Galera Manager supports three modes for supporting your MariaDB Galera Clusters: deploying to either Amazon Web Services or DigitalOcean, deploying to your own on premises hosts, and also just monitoring your clusters. In this blog post, we will go thru houw you should deploying a 3-node MariaDB Galera Cluster via Galera Manager on Amazon Web Services Elastic Compute Cloud (AWS EC2). You will realise that this process happens with just a simple API key and instance selection, so effectively you can have a Galera Manager setup in under fifteen minutes!
On AWS EC2, it is worth noting that Galera Manager itself can be deployed on the free tier for testing purposes. However, in production environments, you might expect up to 100GB of logs on a monthly basis, so you should plan accordingly.
Obtain Galera Manager by filling in the form. Logon to your AWS Console. Launch just one EC2 instance. You are advised to read the supported OS matrix which can change as releases abound; for this particular example, we will use a base of Ubuntu Server 22.04 LTS. Please ensure to use the 64-bit (x86) option, not the Arm variant, as Galera Manager is meant for x86_64 platforms only. Either create a new key pair, or ensure you already have an existing key pair. We cover all this in the first minute of the video. The rest of the defaults are fine (you can tick the Allow HTTPS and HTTP traffic from the internet as options), so go right ahead and launch an instance.
Now you’ll need to login, and you can do so similarly:
ssh -i gmd.pem email@example.com
You can now execute:
to become the root user, then type cd to ensure that your current working directory is /root. Now grab the gm-installer either via scp or wget it to your host. The direct link is in the video or the documentation! It is time to make the installer executable, which you do by typing: chmod +x gm-installer. Verify the version:
./gm-installer version gm-installer version 1.12.0 (linux/amd64)
To get started, simply execute:
Accept the license agreement, enter the admin password, enter the IP (this means that you will get an install over insecure HTTP) or hostname (this install thus executes over secure HTTPS), and you’re on your way to getting your Galera Manager host installed.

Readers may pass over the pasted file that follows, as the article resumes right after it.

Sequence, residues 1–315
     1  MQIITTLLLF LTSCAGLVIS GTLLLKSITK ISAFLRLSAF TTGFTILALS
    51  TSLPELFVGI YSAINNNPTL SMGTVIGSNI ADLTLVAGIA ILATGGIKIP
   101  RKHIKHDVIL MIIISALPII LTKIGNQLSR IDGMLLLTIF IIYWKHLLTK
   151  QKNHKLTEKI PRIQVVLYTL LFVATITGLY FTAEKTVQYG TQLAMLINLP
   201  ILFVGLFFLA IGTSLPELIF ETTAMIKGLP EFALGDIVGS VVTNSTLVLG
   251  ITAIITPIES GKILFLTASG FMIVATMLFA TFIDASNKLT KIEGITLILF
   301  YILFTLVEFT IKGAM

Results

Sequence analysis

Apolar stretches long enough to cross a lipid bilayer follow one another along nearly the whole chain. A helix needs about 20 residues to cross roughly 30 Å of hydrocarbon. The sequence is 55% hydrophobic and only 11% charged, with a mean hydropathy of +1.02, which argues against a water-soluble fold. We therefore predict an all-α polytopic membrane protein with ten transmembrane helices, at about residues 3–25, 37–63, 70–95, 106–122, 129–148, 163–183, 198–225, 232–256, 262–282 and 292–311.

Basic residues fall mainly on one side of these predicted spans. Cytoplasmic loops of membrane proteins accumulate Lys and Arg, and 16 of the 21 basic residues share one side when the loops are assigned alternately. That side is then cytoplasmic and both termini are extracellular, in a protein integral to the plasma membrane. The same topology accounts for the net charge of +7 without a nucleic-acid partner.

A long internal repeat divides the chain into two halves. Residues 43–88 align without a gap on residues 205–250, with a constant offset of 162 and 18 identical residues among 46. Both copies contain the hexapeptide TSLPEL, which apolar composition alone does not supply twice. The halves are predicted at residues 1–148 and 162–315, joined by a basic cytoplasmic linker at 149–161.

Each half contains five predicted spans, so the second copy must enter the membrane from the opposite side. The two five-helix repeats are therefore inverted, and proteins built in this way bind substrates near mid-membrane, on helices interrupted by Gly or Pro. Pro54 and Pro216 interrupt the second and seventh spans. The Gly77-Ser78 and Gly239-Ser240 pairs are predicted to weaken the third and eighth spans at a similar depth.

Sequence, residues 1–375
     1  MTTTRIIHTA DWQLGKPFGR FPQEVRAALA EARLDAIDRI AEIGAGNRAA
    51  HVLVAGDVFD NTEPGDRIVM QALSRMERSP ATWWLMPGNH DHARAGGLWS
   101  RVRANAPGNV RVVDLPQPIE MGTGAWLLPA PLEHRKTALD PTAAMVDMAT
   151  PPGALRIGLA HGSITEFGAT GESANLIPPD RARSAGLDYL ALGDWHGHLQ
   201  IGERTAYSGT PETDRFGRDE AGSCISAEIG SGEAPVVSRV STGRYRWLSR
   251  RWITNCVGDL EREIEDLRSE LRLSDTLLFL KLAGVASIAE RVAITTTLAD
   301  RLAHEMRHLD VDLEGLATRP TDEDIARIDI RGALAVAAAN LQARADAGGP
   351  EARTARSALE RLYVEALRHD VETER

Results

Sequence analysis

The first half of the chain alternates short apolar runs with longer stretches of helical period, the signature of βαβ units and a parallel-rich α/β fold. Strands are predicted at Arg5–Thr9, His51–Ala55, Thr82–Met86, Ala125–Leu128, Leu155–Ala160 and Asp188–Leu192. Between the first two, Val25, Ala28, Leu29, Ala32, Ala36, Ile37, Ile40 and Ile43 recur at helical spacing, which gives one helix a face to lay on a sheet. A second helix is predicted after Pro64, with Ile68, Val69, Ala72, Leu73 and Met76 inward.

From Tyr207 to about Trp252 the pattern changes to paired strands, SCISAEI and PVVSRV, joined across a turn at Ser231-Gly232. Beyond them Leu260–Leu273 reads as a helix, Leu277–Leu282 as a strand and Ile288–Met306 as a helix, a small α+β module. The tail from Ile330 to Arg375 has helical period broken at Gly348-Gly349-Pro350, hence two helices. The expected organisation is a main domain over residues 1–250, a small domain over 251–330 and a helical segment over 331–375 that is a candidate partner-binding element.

Typically this installation process takes less than 5 minutes, as it has to pull in packages from multiple repositories. Once the installation is complete, you will see something similar to the following:
▋INFO Galera Manager installation finished. Enter http://22.214.171.124 in a web browser to access. Please note, you chose to use an unencrypted http protocol, such connections are prone to several types of security issues. Always use only trusted networks when connecting to the service. INFO Logs DB url: http://126.96.36.199:8081 IMPORTANT: ensure TCP ports 80, 8081 are open in firewall. INFO Below you can see Logs DB credentials: DB name: gmd DB user: gmd DB password: Soq3EXzYcn The installation log is located at /tmp/gm-installer.log
Typically this tells you how to access Galera Manager. It also tells you that you need to open up ports 80 and 8081. And if anything did go wrong, you will be able to find out more at the installer log.
So let us do so within Amazon’s configuration for inbound rules in Security groups: opening up TCP ports 80, 8081. 443 will also apply if you’re using HTTPS. It is at 5:30 in the video.
Enter the URL and you will now see the login screen, fill in your credentials that you entered on the command line earlier. As you can see, by default there are no clusters, and when you click on it, you are given options to deploy a fully managed cluster, or to deploy a cluster on user-provided hosts, and finally just to monitor an existing cluster. For the purpose of this document, we are going to take option 1 and deploy fully managed clusters.
You’ll notice that you’re asked for an AWS Access Key ID and an AWS Secret Access Key. It is only with that, and the ability to pass the credential check, that you’ll be able to select a region and instance type. Go back to your AWS console and get to Security Credentials by clicking on your name on the top right hand corner. Then you should create an Access Key and you will be able to retrieve your access key and show your secret access key. Copy and paste those details into your Galera Manager setup. If there are errors, you will know, and if everything is green, you’re good to select a region and instance type.
In this example, we will continue using the eu-central-1 region and use a t2.medium instance for the 3 MariaDB Galera Cluster nodes. Note that you are unlikely to be able to deploy successfully on anything smaller, so it is also disabled in the Galera Manager GUI.
You can now just go right ahead and click ADD NODES. Ensure that you’re adding 3 nodes, and let Galera Manager do the magic of deploying for you. In under five minutes or so, you’ll likely have a 3-node MariaDB Galera Cluster running for you.
We opted to login using the SSH terminal within the web browser and can verify we have deployed a 3-node Galera Cluster.
Happy deploying your MariaDB Galera Clusters in Amazon EC2 with Galera Manager!